Closing the deal
Uncovering the causes of M&A deal duration
Why are some merger and acquisition (M&A) deals closed relatively quickly while others take much more time? The answer to this question is important, because prolonged deal duration is costly and postpones realising synergy gains.
Although much has been written about M&A performance and wealth effects, we know very little about the ‘pre-completion stage’ of an M&A deal – in particular, about aspects such as the likelihood of deal closing and time to completion.
Vlerick Professors Mathieu Luypaert and Wouter De Maeseneire have published a study that contributes to our understanding of the drivers of M&A deal completion time.
The authors researched the antecedents of deal duration for a sample of 1150 M&As between listed US companies during 1994–2011. Their findings enrich our understanding of the complicated M&A negotiation process during the pre-completion stage and shed additional light on prospective deal breakers of announced transactions.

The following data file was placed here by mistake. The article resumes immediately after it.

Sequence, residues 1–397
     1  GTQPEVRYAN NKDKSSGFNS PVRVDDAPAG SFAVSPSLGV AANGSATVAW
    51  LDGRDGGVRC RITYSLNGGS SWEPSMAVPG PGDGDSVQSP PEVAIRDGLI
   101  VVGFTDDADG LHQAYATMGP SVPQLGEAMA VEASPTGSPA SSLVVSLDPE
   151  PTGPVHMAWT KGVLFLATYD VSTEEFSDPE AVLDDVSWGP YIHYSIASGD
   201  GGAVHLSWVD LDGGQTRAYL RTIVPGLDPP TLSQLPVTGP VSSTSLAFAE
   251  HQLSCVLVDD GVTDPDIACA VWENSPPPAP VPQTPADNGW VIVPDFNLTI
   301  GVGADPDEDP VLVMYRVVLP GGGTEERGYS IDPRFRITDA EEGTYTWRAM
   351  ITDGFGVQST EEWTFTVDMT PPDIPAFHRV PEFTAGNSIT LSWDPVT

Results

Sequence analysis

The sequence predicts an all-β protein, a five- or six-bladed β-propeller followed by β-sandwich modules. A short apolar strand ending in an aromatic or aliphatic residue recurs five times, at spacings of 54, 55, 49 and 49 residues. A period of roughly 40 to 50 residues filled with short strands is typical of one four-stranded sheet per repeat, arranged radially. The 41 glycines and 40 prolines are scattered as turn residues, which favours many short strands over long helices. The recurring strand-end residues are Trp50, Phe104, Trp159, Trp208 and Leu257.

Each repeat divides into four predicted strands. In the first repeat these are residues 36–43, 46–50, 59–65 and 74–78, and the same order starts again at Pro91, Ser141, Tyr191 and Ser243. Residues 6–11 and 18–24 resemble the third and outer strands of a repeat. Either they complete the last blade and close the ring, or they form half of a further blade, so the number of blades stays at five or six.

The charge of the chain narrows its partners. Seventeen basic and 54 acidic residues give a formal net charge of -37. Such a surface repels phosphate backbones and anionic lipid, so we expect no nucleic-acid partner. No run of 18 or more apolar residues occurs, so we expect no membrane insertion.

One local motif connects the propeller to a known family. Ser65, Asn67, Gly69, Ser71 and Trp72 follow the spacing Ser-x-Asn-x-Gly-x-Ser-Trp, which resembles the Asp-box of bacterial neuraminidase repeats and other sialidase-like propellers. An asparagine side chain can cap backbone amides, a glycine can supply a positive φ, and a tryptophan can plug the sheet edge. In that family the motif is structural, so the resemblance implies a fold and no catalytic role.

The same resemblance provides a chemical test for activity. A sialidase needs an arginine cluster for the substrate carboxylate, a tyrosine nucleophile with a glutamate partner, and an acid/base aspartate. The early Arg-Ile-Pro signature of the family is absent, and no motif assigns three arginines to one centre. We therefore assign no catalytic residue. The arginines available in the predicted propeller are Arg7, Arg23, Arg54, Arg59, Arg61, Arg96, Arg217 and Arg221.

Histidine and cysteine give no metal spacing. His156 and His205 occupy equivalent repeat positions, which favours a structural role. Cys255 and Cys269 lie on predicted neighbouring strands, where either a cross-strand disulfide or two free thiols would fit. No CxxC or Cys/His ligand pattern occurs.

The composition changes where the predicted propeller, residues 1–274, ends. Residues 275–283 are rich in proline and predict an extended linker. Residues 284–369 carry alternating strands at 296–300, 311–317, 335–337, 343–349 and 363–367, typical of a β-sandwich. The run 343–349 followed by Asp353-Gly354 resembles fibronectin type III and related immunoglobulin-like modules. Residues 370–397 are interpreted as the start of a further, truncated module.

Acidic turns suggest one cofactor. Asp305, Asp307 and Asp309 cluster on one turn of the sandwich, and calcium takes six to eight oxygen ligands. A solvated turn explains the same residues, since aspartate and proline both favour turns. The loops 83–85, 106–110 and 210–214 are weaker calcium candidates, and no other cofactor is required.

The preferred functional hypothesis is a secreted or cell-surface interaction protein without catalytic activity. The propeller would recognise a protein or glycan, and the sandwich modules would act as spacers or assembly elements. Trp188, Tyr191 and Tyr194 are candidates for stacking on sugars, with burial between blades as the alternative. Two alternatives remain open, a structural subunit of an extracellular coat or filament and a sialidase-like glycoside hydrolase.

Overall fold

Key findings for practitioners
- Not surprisingly, deal complexity hugely impacts deal duration. Stock offers, mergers, hostile bids and larger deals have massively longer completion times than simpler, more straightforward M&As.
- Second, strong and clear shareholder support accelerates the deal completion process. Additionally, deals in which acquirers are more likely to overpay – proxied by the cumulative abnormal return for target shareholders over a [−35, +5] window and the bidder’s cash and market-to-book ratio – are also completed more quickly.
- Finally, experienced bidders succeed in completing their transactions more rapidly – which implies organisational learning.
Source: ‘Antecedents of time to completion in mergers and acquisitions’ by Mathieu Luypaert and Wouter De Maeseneire. Published in Applied Economics Letters, 2014.